Display Settings:

Format

Send to:

Choose Destination
See comment in PubMed Commons below
Curr Opin Crit Care. 2008 Oct;14(5):605-8. doi: 10.1097/MCC.0b013e32830f1e12.

Viral infections in the ICU.

Author information

  • 1Service de Réanimation Médicale, Institut de Cardiologie, Groupe Hospitalier Pitié-Salpêtrière, Paris, and Université Paris 6-Pierre et Marie Curie, France. charles-edouard.luyt@psl.aphp.fr

Abstract

PURPOSE OF REVIEW:

The present study reviews the precise role of viruses as causes of pneumonia in mechanically ventilated patients.

RECENT FINDINGS:

In patients requiring mechanical ventilation, Herpesviridae, mostly herpes simplex virus and cytomegalovirus, are commonly recovered from the respiratory tract. However, viral detection does not necessarily mean viral disease, and the exact role of viruses recovered in the respiratory tract is still being debated. Are they only benign colonizers activated in proportion to the severity of the underlying illness, or are they infectious agents with true attributable morbidity or mortality or both?

SUMMARY:

Respiratory viruses are responsible for 10% of community-acquired pneumonia cases but do not cause nosocomial pneumonia. Herpesviridae, mainly herpes simplex virus and cytomegalovirus, are commonly detected in the respiratory tract of nonimmunocompromised, mechanically ventilated patients. Although their detection usually reflects viral reactivation without lung parenchymal involvement, in a particular subset of patients, viral lung disease (bronchopneumonitis) occurs. This bronchopneumonitis seems to have a true impact on outcome, but only interventional studies will be able to determine its real impact. Whether other viruses, such as mimivirus, are responsible for nosocomial pneumonia in mechanically ventilated patients requires additional studies.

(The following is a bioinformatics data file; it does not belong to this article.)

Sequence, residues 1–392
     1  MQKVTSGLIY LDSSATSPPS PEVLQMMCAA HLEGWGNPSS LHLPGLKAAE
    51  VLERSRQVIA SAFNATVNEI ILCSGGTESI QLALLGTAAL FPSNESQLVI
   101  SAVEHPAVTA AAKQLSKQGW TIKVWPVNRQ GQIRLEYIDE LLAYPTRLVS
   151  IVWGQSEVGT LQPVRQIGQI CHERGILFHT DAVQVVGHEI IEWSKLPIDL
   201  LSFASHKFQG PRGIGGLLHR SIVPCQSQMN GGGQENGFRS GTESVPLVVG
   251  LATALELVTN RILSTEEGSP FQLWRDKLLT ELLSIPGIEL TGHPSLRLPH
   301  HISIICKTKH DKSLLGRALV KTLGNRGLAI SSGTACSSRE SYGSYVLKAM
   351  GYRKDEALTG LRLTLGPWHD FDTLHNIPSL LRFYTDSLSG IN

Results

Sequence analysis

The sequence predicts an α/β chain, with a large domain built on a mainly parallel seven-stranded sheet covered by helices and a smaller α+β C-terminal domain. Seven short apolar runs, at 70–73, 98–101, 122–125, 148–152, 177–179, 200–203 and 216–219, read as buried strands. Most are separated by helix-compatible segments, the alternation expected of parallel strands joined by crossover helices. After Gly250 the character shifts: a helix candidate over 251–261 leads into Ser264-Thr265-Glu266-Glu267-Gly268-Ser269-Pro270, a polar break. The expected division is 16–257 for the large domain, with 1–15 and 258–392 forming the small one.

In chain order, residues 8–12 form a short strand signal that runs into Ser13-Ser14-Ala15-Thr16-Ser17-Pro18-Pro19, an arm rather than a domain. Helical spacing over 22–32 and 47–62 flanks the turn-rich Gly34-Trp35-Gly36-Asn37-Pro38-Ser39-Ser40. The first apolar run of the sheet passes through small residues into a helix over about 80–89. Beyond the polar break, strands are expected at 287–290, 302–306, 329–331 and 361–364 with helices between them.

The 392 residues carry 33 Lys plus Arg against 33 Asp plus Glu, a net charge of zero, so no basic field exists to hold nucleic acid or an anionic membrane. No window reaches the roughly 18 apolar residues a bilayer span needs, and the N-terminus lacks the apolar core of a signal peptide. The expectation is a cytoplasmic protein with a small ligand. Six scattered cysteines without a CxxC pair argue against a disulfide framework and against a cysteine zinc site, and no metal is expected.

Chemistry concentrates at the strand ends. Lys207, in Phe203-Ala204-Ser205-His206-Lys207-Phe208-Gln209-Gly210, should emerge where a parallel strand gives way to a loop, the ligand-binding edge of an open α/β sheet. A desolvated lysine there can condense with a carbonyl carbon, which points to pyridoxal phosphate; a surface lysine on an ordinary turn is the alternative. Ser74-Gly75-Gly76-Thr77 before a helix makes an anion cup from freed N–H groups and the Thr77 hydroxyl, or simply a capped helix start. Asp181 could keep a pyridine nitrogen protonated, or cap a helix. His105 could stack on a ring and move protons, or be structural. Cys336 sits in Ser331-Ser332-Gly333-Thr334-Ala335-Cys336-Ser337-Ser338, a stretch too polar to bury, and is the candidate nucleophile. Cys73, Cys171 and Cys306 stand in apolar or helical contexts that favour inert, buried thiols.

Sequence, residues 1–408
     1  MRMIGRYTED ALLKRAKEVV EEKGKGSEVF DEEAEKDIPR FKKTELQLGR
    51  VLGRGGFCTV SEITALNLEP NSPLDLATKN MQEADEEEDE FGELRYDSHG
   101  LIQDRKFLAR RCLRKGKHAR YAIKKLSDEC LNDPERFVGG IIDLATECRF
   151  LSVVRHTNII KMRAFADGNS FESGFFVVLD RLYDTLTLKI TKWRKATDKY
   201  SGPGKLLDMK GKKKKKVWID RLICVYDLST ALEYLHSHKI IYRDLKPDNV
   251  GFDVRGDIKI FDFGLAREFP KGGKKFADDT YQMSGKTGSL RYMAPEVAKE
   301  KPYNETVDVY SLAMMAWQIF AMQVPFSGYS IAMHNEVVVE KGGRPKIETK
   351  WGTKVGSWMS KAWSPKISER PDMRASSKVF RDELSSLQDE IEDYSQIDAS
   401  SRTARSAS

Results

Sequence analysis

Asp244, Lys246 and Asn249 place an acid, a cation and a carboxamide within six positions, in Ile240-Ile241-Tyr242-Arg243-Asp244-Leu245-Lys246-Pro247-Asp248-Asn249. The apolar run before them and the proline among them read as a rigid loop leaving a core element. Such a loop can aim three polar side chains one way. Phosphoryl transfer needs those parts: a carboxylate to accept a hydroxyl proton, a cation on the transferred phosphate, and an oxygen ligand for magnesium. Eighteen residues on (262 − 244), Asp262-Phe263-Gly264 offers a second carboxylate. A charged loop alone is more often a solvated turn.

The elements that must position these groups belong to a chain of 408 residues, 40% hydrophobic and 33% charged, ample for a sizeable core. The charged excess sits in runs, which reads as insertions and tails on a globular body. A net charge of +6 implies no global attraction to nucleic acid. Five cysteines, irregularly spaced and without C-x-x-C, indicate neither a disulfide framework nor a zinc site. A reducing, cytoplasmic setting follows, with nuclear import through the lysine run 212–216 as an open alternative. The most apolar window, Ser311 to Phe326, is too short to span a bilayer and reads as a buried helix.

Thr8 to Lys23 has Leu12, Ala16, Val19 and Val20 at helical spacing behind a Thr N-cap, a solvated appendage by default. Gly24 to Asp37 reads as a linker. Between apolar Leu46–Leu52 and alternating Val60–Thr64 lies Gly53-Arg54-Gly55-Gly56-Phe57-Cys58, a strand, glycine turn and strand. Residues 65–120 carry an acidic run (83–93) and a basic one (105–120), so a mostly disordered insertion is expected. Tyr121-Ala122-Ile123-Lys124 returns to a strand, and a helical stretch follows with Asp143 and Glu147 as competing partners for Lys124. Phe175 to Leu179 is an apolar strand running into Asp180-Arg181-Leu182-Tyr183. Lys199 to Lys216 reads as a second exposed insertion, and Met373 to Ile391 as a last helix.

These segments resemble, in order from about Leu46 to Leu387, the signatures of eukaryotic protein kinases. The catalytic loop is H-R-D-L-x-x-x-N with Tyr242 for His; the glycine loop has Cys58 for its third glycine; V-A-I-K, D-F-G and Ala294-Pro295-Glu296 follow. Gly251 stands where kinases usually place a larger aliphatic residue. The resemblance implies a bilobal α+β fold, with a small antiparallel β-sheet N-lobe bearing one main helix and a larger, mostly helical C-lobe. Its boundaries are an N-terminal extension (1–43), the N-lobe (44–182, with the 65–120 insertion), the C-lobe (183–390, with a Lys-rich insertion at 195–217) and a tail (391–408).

PMID:
18787457
[PubMed - indexed for MEDLINE]
PubMed Commons home

PubMed Commons

0 comments
How to join PubMed Commons

    Supplemental Content

    Full text links

    Icon for Lippincott Williams & Wilkins
    Loading ...
    Write to the Help Desk